Patients with Type II diabetes are happier with the quality of their care when they can use secure electronic messaging to communicate with their physicians, a study by researchers at Vanderbilt University Medical Center in Nashville has found.
Secure messaging with a patient portal "facilitates access to care and delivery of care, enhances patient satisfaction, and is associated with certain clinical outcomes" including improved control of blood-sugar levels, researchers concluded in the study, recently published online in the Journal of the American Medical Informatics Association.
Patients also regularly used secure messaging to send their doctors clinical information, the study found, and thus collaborated in decisions about their own care.
The patients all used portals to their electronic health record, some more frequently than others. While the No. 1 use by participants who frequently used the portals was to view medical records, the No. 3 use was secure messaging to physicians, reported by 63 percent of those patients.
Not all patients were happy with secure messaging, though, often because their providers had not fully explained how messaging worked, or how the practice would handle messages received. In some cases, patients were disappointed by a lack of timely responses to their messages; one even decided on his own to stop taking medication when he received no response after reporting side effects.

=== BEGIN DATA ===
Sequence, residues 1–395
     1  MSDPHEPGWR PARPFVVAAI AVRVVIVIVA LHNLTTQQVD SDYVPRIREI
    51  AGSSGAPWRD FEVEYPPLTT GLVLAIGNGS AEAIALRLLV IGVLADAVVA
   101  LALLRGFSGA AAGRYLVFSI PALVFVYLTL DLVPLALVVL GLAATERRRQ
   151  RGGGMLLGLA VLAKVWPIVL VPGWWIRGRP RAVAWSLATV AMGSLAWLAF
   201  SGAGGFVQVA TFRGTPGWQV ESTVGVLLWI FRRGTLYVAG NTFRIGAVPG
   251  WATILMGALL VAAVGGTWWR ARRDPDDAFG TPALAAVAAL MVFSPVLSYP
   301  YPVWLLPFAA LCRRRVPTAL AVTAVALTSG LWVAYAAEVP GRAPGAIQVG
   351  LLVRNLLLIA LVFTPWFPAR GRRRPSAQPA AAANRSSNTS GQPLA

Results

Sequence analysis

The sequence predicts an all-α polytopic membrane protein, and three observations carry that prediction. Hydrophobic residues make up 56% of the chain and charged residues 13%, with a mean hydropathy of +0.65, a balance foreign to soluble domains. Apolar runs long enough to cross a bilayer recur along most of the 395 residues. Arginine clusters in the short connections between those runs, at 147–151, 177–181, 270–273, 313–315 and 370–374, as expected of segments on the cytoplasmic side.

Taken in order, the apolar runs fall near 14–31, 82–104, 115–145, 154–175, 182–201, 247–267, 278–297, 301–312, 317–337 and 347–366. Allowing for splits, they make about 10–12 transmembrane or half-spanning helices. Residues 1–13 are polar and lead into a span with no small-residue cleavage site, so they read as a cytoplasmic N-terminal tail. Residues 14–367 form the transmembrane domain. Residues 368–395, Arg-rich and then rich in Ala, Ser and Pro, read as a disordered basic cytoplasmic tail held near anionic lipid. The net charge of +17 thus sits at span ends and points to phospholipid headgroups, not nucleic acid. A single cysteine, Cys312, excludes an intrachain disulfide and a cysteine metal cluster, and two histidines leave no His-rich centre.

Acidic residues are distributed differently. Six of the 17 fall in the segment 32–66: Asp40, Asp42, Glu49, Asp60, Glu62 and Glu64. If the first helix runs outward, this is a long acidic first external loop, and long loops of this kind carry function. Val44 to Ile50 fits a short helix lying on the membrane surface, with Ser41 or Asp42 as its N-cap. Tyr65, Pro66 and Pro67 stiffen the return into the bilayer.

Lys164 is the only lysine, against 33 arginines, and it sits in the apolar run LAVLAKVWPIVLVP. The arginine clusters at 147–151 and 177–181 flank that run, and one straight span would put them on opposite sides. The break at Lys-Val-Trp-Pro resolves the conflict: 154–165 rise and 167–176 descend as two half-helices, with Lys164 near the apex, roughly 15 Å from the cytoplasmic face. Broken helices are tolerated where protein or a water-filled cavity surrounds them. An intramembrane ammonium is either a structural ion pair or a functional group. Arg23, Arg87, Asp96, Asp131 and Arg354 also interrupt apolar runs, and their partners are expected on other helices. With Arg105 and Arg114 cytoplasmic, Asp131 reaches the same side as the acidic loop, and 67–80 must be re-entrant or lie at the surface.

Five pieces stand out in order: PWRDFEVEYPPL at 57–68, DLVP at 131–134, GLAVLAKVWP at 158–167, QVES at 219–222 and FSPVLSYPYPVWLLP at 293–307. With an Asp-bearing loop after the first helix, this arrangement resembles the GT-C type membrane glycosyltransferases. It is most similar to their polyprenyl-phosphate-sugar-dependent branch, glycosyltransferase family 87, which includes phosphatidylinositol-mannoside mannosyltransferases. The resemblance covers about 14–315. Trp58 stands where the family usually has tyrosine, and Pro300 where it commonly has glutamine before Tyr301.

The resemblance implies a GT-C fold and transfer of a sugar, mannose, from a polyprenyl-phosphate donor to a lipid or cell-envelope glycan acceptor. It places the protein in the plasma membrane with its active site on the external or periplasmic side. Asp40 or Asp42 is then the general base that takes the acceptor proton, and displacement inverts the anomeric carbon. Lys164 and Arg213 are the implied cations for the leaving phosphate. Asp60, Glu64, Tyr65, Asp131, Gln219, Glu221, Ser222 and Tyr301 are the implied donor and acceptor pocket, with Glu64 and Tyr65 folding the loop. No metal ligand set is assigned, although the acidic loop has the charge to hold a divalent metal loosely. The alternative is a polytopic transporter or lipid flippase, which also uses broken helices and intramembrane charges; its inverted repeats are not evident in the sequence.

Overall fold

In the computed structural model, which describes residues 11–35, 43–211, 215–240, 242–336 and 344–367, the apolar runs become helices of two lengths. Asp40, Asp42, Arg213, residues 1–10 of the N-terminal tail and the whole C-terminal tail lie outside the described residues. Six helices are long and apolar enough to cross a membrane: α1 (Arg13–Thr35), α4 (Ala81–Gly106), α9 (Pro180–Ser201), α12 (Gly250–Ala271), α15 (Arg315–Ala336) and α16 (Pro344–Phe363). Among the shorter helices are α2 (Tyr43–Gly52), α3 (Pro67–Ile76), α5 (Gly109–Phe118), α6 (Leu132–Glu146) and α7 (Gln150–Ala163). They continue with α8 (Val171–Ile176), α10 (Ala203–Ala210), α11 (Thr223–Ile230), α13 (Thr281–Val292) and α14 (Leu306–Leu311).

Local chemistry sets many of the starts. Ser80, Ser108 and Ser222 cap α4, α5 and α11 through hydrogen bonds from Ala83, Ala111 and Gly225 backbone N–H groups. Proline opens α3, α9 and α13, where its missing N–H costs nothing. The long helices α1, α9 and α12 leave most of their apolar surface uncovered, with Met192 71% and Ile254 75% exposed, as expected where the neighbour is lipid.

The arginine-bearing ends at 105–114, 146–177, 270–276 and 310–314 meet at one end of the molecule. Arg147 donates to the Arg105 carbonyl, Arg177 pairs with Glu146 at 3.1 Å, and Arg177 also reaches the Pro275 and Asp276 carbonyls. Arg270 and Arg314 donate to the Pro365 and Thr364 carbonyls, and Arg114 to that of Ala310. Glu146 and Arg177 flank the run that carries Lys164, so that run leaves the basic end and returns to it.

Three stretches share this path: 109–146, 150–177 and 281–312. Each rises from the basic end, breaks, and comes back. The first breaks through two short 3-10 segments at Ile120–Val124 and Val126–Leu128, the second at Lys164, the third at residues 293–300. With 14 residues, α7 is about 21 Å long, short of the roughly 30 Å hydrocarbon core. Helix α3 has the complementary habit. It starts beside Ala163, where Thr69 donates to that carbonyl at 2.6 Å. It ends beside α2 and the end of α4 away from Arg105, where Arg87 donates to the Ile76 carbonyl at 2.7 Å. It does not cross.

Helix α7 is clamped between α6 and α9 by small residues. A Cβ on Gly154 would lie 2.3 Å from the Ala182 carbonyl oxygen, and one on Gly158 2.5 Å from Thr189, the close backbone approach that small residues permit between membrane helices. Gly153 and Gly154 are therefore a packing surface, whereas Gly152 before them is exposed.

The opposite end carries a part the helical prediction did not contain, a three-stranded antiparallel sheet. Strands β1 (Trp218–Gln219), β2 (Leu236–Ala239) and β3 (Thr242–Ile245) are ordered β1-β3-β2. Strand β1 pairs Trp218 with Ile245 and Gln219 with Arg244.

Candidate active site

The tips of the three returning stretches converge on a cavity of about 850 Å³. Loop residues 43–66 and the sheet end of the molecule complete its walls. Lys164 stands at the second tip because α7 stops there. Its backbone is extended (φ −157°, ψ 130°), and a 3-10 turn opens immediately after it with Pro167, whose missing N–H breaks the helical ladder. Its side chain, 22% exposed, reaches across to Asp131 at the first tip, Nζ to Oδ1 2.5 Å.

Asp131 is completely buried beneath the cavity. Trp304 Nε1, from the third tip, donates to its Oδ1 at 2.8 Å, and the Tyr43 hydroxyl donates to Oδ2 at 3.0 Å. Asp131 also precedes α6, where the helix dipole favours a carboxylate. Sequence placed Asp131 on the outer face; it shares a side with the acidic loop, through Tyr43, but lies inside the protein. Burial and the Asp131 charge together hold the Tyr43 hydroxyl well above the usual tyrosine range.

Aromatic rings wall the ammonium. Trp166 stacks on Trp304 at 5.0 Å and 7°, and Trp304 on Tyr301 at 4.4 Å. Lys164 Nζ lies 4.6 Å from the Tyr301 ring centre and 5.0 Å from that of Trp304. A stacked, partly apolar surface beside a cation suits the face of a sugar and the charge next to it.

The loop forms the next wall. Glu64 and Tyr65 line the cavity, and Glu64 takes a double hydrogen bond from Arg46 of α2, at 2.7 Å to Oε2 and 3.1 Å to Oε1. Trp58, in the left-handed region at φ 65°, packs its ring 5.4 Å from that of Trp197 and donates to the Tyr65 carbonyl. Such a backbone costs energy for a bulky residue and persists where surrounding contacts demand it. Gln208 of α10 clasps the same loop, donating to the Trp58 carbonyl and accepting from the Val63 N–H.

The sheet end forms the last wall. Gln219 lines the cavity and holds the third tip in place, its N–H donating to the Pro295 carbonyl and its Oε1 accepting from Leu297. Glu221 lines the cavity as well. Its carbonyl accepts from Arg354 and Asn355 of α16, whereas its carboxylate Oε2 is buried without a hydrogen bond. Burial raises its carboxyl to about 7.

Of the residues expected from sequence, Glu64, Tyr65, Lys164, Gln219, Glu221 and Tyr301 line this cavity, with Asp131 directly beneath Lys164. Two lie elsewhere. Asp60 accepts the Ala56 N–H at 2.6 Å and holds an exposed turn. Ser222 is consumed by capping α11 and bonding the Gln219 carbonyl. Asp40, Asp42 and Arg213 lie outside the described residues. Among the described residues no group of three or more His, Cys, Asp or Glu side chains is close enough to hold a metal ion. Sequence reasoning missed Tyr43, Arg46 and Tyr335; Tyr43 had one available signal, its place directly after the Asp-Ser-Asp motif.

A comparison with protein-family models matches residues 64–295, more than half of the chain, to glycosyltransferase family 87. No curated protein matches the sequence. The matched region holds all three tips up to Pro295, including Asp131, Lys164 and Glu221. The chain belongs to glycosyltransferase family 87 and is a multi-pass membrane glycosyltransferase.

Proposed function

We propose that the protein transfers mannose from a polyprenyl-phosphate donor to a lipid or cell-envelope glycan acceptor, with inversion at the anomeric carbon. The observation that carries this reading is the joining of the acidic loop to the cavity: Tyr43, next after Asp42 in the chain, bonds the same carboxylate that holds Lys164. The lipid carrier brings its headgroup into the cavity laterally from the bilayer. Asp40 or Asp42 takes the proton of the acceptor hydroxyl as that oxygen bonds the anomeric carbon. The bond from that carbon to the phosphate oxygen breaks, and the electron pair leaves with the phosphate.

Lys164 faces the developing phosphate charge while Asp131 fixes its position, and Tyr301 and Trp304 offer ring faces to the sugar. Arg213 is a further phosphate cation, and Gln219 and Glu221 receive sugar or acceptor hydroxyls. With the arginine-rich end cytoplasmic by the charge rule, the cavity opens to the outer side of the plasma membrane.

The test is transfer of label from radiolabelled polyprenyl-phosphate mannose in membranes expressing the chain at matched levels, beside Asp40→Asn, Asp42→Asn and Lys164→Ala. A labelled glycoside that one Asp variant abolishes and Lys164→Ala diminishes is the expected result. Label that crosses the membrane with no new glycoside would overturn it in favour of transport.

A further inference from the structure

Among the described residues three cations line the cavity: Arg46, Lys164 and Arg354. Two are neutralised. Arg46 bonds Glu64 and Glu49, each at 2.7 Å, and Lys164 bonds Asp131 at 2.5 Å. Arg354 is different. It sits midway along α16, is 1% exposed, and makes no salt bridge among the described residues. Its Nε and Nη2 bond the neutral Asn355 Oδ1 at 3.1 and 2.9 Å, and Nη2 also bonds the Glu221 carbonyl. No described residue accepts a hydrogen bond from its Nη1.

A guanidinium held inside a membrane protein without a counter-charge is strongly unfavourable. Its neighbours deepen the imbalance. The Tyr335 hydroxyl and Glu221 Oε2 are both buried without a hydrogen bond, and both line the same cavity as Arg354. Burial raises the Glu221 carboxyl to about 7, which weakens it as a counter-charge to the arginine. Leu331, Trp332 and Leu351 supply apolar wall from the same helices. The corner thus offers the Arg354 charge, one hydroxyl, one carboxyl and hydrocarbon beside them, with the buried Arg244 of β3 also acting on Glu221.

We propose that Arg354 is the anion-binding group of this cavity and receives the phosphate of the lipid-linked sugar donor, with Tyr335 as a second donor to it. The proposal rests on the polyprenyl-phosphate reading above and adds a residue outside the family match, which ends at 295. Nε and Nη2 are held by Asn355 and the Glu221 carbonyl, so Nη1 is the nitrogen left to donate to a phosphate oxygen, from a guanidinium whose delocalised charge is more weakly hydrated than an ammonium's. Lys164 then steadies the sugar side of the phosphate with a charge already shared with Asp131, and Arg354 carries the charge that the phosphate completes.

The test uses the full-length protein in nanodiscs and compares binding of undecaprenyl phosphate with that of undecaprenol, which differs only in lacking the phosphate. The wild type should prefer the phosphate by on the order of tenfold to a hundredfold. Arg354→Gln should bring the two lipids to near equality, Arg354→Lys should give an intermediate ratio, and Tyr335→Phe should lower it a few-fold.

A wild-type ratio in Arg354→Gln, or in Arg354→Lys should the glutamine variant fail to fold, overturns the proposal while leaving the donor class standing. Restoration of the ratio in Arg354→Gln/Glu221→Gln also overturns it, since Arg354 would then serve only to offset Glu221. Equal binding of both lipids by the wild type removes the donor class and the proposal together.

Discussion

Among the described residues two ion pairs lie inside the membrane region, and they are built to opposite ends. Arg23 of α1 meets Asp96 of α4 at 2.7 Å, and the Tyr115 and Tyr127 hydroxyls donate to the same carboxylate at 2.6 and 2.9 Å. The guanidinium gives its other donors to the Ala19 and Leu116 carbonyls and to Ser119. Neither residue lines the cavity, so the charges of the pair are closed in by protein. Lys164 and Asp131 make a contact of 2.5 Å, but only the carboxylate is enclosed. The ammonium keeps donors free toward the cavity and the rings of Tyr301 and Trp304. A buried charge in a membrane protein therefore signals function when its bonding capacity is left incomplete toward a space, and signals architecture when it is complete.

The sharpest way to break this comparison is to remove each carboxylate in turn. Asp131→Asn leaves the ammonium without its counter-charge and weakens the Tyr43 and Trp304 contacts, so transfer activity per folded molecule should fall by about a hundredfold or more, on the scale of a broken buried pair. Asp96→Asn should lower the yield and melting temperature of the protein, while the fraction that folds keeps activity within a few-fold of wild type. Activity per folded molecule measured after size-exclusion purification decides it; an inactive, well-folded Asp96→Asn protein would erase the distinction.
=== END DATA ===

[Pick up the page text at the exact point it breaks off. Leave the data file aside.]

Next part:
The researchers noted that if physicians communicate with patients properly about the benefits, secure messaging can help providers achieve EHR Meaningful Use benchmarks such as patient engagement, maintaining up-to-date medication and problem lists and avoiding unnecessary visits.
"Given our finding that patients distrust SM technology after negative experiences, it is critical that providers have protected time to devote to patients' messages," they said.
Another recent study also published in JAMIA found that online disease-management programs, including online messaging, helped Type II diabetes patients better manage their disease. Patients reported improved hemoglobin levels after six months, although the results were not sustained at the one-year point. The program engaged patients through an online monitoring system, including home glucometer readings uploaded wirelessly and online messaging with a multidisciplinary health team.
To learn more:
- here's the study abstract